“This is a new type of theft facing our industry,” warned Isom, ” and you have to do your due diligence. It takes somebody taking some time, and it is going to slow down shipments. There’s no doubt about it; you have to be prepared and aware.”

Through the use of fictitious pickup, even if the drivers are caught, Isom explained it’s not a felony anymore due to changes in California laws. “If you hold the driver at gunpoint,” he said, “and you basically carjack the truck; that’s a felony. So they’re basically saying that legally, the processor or handler voluntarily gave up the load. So it is not a felony; it’s a misdemeanor. So guys aren’t doing any state prison time. They’re doing a couple of weeks in county jail. With all the overcrowding, Boom, they’re gone; let them go.”

“Quite frankly,” Isom relayed, “the majority of the trucks end up in LA, so that’s where law enforcement finds the trucks. And that’s where they say the theft ‘happened.’ You can’t get the LA district attorney to prosecute these cases because they are too busy with murderers, rapists, and other—what they consider more serious—crimes than your voluntarily giving up a load, in their opinion. Even though some of these loads are worth half a million dollars.”

“But now we have the FBI involved,” Isom affirmed. “Thieves are now stealing on interstate highways; these are now federal crimes. There is certainly more teeth in federal law. When we catch these guys, they’ll be in federal prison, doing some serious time.”

(Featured Photo Source: USDA-NRCS)

2016-05-31T19:24:05-07:00April 26th, 2016|

Record Walnut Crop

New Record Walnut Crop:  575,000 Tons

By Patrick Cavanaugh, Deputy Editor

 

In a recent interview with Dennis Balint, executive director and ceo of the California Walnut Board, Balint discussed the Board’s promotion efforts on what has become another record walnut crop, grown on approximately 300,000 acres in the state.

California Ag Today (CAT): Despite the drought, the valiant walnut growers of California have produced yet another record crop of 575,000 tons, up one percent from 2014’s crop, and crop quality is reported to be excellent. How does that relate to overall supply?

Balint: This increase represents 5,000 additional bearing acres. Last year, the world availability was up about 140,000 tons higher than the previous year. We knew that we could absorb incremental production of 20,000 or 30,000 tons a year; however, 140,000 tons was a bit of a surprise. Couple that with the fact that China’s economy isn’t today what it was a couple of years ago. That has hurt us a bit.Walnut trees

So at any rate, that means we are going to have a record total of availability this year, and I think we are going to see prices moderate. Now, the really good news is the industry had some foresight in approving a huge budget to market the product, so we’ll be having a serious marketing campaign in the 2015-2016-crop year.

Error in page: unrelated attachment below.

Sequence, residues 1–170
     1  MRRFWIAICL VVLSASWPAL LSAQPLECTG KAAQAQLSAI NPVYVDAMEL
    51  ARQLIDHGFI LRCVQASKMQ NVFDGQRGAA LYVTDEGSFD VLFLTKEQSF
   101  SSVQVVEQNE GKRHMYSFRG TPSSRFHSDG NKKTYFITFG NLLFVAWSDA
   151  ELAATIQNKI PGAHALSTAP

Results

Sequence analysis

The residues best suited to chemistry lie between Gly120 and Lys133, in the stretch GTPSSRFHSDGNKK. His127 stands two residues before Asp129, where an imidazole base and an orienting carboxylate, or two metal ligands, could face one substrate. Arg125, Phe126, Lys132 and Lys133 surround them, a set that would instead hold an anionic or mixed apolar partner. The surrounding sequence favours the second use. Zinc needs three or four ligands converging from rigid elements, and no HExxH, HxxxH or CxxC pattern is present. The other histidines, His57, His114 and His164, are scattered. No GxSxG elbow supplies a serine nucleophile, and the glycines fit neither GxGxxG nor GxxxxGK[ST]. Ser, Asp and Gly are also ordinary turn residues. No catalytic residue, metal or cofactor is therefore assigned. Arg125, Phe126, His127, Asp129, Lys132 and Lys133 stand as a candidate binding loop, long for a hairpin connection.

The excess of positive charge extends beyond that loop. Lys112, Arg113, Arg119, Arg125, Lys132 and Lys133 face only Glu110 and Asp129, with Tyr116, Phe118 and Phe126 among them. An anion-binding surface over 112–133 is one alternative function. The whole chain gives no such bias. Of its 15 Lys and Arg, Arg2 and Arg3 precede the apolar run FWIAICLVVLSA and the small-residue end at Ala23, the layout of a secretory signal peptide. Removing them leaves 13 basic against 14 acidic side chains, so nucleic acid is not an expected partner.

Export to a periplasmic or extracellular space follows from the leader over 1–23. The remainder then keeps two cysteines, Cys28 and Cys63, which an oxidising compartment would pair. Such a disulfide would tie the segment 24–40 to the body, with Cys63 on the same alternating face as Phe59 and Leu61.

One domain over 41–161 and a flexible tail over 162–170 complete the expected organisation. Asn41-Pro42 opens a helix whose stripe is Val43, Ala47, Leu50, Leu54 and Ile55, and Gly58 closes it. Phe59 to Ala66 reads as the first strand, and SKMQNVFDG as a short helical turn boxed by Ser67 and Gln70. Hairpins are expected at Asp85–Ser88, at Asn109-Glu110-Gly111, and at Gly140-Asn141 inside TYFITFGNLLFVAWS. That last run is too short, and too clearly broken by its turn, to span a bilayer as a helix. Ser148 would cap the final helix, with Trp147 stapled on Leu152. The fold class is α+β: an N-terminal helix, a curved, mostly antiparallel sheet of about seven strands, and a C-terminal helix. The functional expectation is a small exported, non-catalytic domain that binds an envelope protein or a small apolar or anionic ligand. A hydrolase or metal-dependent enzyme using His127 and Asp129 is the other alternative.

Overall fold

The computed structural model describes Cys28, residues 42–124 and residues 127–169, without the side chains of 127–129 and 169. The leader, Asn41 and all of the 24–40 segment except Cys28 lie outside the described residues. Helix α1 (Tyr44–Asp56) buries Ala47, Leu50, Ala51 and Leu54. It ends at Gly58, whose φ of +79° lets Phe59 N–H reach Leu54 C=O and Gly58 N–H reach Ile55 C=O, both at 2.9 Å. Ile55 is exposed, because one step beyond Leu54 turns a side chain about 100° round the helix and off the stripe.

CAT: Walnut consuming promotions?

Balint: The board will continue promoting walnuts with print and television campaigns, as well as public relations efforts through Edelman Public Relations. That will continue on two fronts; one is consumer appeal, like recipes, and just raising overall awareness regarding the versatility of walnuts; but second and most importantly, Edelman is in charged with promoting health. Health continues to be a very important card in promoting our product to consumers and health professionals as well.

CAT: It is always good that people think of health when they think of walnuts!

Balint: Yeah they do. It is amazing how that number has changed over the years.

CAT: Is eating more, better?

Balint: You know we have a daily range. When we do studies, researchers will always look at the composition of the product and, depending on what they are expecting, they will adjust accordingly. So we have studies that are based on 1 ounce, 1.5 ounces, and 2 ounces daily. So it really depends on the end points they choose to look at.

We try to never talk about compounds because we like to talk about the whole walnut, but occasionally researchers who are deconstructionists suspect a particular compound. Then we have to analyze it down to the nitty-gritty so somebody can put it in a pill. When that happens on occasion, researchers say, “Well, we really need to feed 2 ounces.” And in some cases, 2 ounces in the short-term works very well. In the long-term, being practical, 1 to 1.5 ounces is good.

CAT: Please go back to the advertising budget. Is it mainly domestic?

Balint: It is all domestic. The export program will remain intact—no changes there. We will still have good programs in a number of countries overseas, but all of the increased production is going into the domestic market.

CAT: Do we need to increase per capita consumption to handle the oversupply issue?

Balint: That is a good question. What we need is the following: We estimate, and we don’t have hard numbers, not much more than one in five households is purchasing and using walnuts on a regular basis. So that leaves a lot of room for growth. Our campaign has been designed to appeal to light and non-users, and not just the core consumer who is already loving walnuts and buying them on a regular basis, to expand our user base.  We are doing so by presenting walnuts as an ingredient in salads, vegetable side dishes, entrees, and of course as a snack. As a matter-of-fact, we are waiting on copy testing results in the next week or two.